As an individualist, and as one who lives in a multi-cultural society with all that that signifies, I further hold that the proper dividing line, for legal purposes, between "childhood" and "adulthood" is marked by the question of competence.
There is, in fact, a basis in American jurisprudence for handling evaluations of "childhood" versus "adulthood" on that basis:
- Persons over the arbitrary statutory age marking "adulthood" are, routinely, held by courts to be incompetent and relegated to the care of guardians. These rulings may stem from a determination that a person is inherently developmentally disabled, or that he or she has become incompetent due to mental illness or age- induced mental infirmity.
- Persons below the arbitrary statutory age marking "adulthood" are, routinely, extended adult entitlements ("emancipated minors" who take control of their own financial affairs on the claim that their parents or guardians are administering those affairs incompetently or for their own benefit) and adult consequences (juveniles "tried as adults" for crimes of which they are accused) by the courts as well.
It seems clear to me that American (and, presumably, European and other "civilized") jurisprudence recognizes, in some ways, that the distinction between "childhood" and "adulthood" does not subsist in naming and enforcing an arbitrary age marker, but in evaluating the competence of the individual in question in any particular matter.
This logic, however, is not generally applied to "age of consent." The arbitrary age marker is sacrosanct; if a statutory "adult" is accused of engaging in sexual acts with a statutory "child," the defense that the "child" in question is, for all practical purposes, an "adult" may not be presented to a jury for consideration.
Time for another disclaimer: I have not thoroughly researched arbitrary statutory ages and practices of jurisprudence in countries outside the United States. There are, apparently, some countries which have no "age of consent" laws at all. The countries seem, for the most part, to also be countries which have a large measure of extra-legal application of religious writ to sex outside of marriage, however. I am limiting the scope of this article primarily to the United States both because I suspect that I am addressing a largely American audience and because it is not within my current ability to cover the comprehensive, worldwide picture with the thorough research that it deserves.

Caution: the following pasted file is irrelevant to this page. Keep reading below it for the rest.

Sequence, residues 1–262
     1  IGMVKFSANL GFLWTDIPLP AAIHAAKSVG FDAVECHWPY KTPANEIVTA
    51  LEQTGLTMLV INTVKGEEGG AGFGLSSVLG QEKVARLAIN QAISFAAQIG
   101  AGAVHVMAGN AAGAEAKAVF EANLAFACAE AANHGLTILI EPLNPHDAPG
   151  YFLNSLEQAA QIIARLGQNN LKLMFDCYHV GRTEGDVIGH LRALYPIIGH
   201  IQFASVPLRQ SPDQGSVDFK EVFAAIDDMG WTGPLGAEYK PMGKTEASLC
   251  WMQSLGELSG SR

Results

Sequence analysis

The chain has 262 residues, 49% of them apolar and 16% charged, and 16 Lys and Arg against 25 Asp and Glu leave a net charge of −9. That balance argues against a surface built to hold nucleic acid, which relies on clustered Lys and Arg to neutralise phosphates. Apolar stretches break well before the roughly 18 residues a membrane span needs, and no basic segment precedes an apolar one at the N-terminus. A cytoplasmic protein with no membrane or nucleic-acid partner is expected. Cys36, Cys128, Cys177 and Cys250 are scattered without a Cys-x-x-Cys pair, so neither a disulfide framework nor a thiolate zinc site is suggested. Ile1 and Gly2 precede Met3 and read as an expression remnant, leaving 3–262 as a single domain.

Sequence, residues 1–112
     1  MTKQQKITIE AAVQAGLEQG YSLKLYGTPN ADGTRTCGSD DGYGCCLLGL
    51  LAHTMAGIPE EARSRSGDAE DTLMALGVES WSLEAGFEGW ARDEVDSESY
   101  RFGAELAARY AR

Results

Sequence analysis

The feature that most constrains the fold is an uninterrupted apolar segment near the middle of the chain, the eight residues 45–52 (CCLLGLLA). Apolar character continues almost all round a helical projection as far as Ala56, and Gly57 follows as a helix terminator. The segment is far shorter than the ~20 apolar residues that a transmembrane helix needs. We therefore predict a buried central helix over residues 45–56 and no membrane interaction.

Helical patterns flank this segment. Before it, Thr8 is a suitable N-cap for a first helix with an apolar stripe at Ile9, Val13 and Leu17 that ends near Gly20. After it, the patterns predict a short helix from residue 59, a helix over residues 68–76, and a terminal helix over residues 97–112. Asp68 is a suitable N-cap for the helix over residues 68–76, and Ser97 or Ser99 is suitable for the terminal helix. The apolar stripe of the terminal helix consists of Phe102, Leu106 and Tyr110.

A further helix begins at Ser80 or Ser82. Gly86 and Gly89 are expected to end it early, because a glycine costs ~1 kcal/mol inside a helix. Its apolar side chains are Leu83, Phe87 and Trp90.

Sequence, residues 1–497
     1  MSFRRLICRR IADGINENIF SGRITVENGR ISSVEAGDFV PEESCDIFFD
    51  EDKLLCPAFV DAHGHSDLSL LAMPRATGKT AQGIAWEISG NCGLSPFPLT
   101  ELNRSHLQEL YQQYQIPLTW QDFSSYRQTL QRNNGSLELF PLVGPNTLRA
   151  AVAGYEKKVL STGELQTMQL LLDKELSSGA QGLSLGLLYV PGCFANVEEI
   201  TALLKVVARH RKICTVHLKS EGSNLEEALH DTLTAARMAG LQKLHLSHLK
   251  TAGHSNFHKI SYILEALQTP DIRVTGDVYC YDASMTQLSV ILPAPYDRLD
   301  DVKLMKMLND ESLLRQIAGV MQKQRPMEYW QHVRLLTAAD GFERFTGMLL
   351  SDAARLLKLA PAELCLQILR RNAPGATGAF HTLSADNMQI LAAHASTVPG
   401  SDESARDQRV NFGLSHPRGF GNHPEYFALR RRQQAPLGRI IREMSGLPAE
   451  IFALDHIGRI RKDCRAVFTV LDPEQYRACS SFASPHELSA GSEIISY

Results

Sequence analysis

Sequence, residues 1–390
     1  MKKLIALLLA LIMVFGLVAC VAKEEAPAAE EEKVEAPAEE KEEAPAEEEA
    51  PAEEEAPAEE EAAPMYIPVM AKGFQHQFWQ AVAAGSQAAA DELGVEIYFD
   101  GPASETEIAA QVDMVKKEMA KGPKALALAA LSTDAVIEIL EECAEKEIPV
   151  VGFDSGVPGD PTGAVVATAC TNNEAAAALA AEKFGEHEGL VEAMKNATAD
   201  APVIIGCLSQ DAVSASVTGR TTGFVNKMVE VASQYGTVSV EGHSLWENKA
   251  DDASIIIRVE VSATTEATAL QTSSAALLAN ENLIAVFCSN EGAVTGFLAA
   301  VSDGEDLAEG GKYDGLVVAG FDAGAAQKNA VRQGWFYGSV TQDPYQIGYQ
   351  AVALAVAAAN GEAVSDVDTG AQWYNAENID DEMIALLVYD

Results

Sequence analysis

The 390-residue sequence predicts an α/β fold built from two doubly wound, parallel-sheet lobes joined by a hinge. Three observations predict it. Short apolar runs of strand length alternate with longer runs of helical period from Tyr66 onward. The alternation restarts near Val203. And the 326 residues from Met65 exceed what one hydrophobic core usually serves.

Data on "age of consent" laws is available for your perusal at ageofconsent.com. I am using those statistics, although I am told that some of them are rapidly being superseded, because they represent a starting point which has, at one time or another, been verified as accurate. That some of the particular numbers may have changed is irrelevant to the general case.
Within the United States, "age of consent" laws vary from state to state, with a low of 14 (Iowa, Missouri, South Carolina) and a high of 18. This is quite a spread (pun not intended), and underpins the case I am attempting to make.
Is there any particular reason to believe that a 14-year-old Iowan is inherently more competent than a 17-year old North Dakotan to consent, or not consent, to sexual relations with another person?
Is there something in the water that stunts the mental development of Oregonians, leaving them incompetent to make such choices until they are 18? Something that is absent from South Carolina's water? South Carolinians are considered fully competent to do so at 14 and 16, depending on their gender.
I don't agree that any of these arbitrary age designations have anything more than a tangential relation to reality. They exist because child molestation is, properly, regarded as a criminal act. They exist as arbitrary designations because child molestation has taken on the characteristics of taboo -- since the issue can't be openly discussed, drawing a number out of a hat has been substituted for crafting a rational system of differentiation between "child" and "adult" where it is concerned.
This substitution of random fiat for rational differentiation carries with it several side effects -- none of them good.
- Irrational laws are not generally uniformly enforced by the police. The Baton Rouge police are not likely to haul in a 19-year-old female for having sex with her 16-year-old boyfriend. That's a good short-term outcome, of course ... but do we want our law enforcement agencies selectively ignoring the law? And to what extent might a Baton Rouge police officer be corrupted by the knowledge that he has an "offense" that he can hold over this 19-year-old to get, for example, sexual favors for himself?
- It's difficult to get convictions on the marginal cases of offenses against irrational laws. If that 19-year-old does find herself in court, the jury is not likely to see her as a "child molester." They're likely to acquit, having judged not only the facts, but the law. This, again, is a good short-term outcome. But jury nullification, while a sound doctrine, is best kept to a minimum by not having stupid laws that juries feel compelled to nullify. And what about the prosecutor who just got his head handed to him? Having spent a portion of his budget on this case, and lost, isn't he less likely to bring future cases of its kind to court? Will a real molester -- a 21-year-old who gets caught having sex with an 11-year-old, perhaps -- walk free because of prosecutorial "gun-shyness?"
- And there are, of course, the actual convictions. While I submit that a 25-year- old who has "consensual" sex with a 3-year-old indeed belongs in jail, I am not at all convinced that an 18-year-old high school senior who is found in the back of his car with his 16-year-old sophomore girlfriend, both sans culottes, deserves a stay in the gray-bar hotel. We have enough criminals without manufacturing more.